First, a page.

Bowman has agreed to plead guilty to a federal conspiracy charge. He is accused of trying to stuff the ballot box in his favor while running for circuit clerk, U.S. Attorney Booth Goodwin and Secretary of State Natalie Tennant said. Whitten will plead guilty to lying to a criminal investigator for Tennant as her office scrutinized the influx of absentee ballots.
Allegations of improper absentee votes had surfaced immediately after the May 2010 primary. A judge that August threw out more than 300 contested absentee ballots, reversing Bowman’s initial victory and securing the nomination for incumbent Circuit Clerk Charles Brumfield. While Judge H. L. Kirkpatrick of Raleigh County wrote in his ruling that he ‘‘makes no finding that any person or persons acted improperly,’’ Tennant’s office continued to investigate the matter before presenting its findings to federal prosecutors.
‘‘We just didn’t let it die,’’ Tennant told The Associated Press on Monday. ‘‘We carried the load. ... We don’t sweep anything under the rug.’’
Bowman and Whitten have agreed to resign by the time of their plea hearings, which are not yet scheduled, and have already begun cooperating with investigators. Their plea agreements, filed Monday, mention but do not identify co-conspirators. Prosecutors say the investigation continues.
Bowman, who is finishing his second term as sheriff and cannot seek a third under the state constitution, signed his plea agreement last week. Having won his latest term as clerk in 2010, Whitten agreed to plead guilty under a deal signed in late December.
Fearing a close race, Bowman allegedly conspired with Whitten and an unidentified candidate for county commission to visit voters and ask them to apply for absentee ballots, according to Bowman’s plea agreement.
‘‘The Candidates further agreed that they would complete absentee ballot applications for voters,’’ the agreement documents said. ‘‘The Candidates also agreed that on those applications they would state certain reasons that voters were legally eligible to vote absentee, regardless of whether those reasons were true.’’
Bowman went on to fill out more than 100 absentee ballot applications, and for most ‘‘knowingly and intentionally provided false reasons for voters’ eligibility to vote absentee,’’ the filing said. It further alleged that Bowman would later revisit the voters once their absentee ballots arrived, telling most how to vote and marking at least six of these ballots himself.
Bowman also is accused of illegally delivering ballots to voters, his plea agreement said. Whitten is accused of lying to Tennant’s investigator, retired FBI Agent Jim Wise, when he denied providing those absentee ballots.
The charges against Whitten and Bowman arrive just six years after several Lincoln and Logan county officials and others pleaded guilty to charges arising from a federal vote-buying probe. That case was triggered by the 2004 Democratic primary. Those convicted included then-Lincoln County Circuit Clerk Greg Stowers and county Assessor Jerry Weaver, as well as neighboring Logan County’s sheriff and clerk.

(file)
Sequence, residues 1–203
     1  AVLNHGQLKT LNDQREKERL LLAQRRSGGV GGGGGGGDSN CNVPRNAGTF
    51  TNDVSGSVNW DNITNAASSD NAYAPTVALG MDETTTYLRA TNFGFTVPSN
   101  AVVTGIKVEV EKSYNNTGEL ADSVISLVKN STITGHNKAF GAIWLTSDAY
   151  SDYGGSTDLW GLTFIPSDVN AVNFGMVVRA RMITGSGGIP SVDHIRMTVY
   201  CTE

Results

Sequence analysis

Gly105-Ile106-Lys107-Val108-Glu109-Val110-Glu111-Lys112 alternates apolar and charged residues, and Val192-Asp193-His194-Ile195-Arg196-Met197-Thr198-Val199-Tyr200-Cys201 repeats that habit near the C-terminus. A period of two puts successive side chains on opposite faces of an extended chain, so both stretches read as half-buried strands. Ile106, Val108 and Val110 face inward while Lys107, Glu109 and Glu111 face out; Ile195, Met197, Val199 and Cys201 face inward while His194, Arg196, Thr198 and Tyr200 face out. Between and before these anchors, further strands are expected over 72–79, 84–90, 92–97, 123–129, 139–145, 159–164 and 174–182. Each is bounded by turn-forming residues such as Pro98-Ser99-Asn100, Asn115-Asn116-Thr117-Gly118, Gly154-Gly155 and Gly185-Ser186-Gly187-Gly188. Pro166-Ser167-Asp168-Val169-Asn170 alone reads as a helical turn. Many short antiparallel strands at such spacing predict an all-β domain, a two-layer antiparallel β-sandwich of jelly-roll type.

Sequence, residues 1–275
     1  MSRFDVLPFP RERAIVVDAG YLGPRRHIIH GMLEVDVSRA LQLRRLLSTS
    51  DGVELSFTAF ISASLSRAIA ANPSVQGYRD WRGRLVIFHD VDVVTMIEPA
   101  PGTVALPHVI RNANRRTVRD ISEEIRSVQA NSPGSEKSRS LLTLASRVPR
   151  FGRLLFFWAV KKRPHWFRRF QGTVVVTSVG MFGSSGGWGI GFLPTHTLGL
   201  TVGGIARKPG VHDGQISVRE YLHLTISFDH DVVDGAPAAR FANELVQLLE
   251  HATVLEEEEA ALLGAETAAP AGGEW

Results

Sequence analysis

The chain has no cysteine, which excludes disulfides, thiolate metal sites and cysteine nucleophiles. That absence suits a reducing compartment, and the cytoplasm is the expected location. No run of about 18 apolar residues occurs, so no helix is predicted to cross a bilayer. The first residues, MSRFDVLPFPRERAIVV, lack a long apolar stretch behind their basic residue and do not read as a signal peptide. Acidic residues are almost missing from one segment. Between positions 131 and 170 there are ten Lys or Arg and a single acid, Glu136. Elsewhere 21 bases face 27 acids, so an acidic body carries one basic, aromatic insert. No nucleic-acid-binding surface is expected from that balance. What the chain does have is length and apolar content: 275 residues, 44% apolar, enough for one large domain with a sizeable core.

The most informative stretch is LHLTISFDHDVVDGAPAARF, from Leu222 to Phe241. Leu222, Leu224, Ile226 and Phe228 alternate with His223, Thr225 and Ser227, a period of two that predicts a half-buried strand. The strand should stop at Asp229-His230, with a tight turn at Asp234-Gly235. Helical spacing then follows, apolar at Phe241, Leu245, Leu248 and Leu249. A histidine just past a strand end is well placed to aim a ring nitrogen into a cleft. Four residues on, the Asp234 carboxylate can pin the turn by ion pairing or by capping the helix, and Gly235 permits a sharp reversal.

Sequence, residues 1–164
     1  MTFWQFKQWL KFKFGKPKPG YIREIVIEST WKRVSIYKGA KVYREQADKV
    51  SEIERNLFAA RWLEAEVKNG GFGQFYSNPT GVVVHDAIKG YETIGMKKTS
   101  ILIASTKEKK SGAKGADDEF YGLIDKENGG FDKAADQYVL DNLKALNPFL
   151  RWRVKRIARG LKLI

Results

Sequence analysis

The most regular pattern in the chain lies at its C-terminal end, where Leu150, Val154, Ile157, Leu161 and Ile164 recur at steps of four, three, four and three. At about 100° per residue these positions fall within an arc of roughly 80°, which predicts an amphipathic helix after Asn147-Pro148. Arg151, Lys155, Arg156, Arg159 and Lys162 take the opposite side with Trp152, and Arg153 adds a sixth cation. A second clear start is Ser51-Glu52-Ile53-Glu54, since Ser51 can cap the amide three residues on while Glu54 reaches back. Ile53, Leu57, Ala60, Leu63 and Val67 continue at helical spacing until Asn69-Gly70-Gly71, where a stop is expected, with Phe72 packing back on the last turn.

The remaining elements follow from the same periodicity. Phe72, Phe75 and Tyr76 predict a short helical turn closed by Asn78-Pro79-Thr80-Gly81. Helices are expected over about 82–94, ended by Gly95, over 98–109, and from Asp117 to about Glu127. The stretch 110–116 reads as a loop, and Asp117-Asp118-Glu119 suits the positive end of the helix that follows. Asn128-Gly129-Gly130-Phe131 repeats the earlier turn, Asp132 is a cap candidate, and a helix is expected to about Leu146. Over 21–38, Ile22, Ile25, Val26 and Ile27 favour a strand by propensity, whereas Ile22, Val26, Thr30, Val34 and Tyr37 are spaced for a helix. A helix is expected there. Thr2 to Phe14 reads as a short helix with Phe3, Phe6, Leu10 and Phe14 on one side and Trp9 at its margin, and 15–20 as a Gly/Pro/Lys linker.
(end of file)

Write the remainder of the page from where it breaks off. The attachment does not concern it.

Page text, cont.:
Wise had helped investigate that round of election fraud while with the FBI. Tennant’s office hired him in mid-2011 to bolster its investigative unit, and he interviewed Whitten in early December.
Though he resigned at the time, Weaver is now running for county sheriff. Besides resigning, Bowman and Whitten have agreed to swear off future public office or political campaigning, according to the deals each signed.
A lawyer for Whitten declined comment Monday. Bowman’s lawyer in the case did not immediately respond to a request for comment Monday.
Tennant and Goodwin told reporters Monday that the case shows that election officials are watching for fraud, and that it is becoming harder for those who seek to corrupt the process.
‘‘The bad news is, people are still trying committing election fraud here in West Virginia in the 21st Century,’’ Goodwin said. He later added, ‘‘I want this case to send a simple message: you cannot steal elections in southern West Virginia.’’
Monday’s press conference at the Robert C. Byrd U.S. Courthouse in Charleston follows Saturday’s deadline for West Virginia candidates to file in this year’s elections. With the primary set for May 8, an array of federal, state and county offices are on the ballot.
With the Legislature’s 60-day session under way, Tennant said her office will seek to revive her office’s proposal to update the absentee ballot process. The new application forms her office seeks to use should help discourage fraud attempts, Tennant said.
Another election-related bill pending this session would bar convicted felons from holding public office. But such proposals may conflict with language in the West Virginia Constitution that allows felons to run once they discharge their punishments and regain their right to vote.
Tennant also credited her staff for their work, noting that her office has been criticized for declining to comment on this case and other possible complaints and investigations.
‘‘Our record demonstrates that the office of the Secretary of State can be counted on to do its job,’’ Tennant said.
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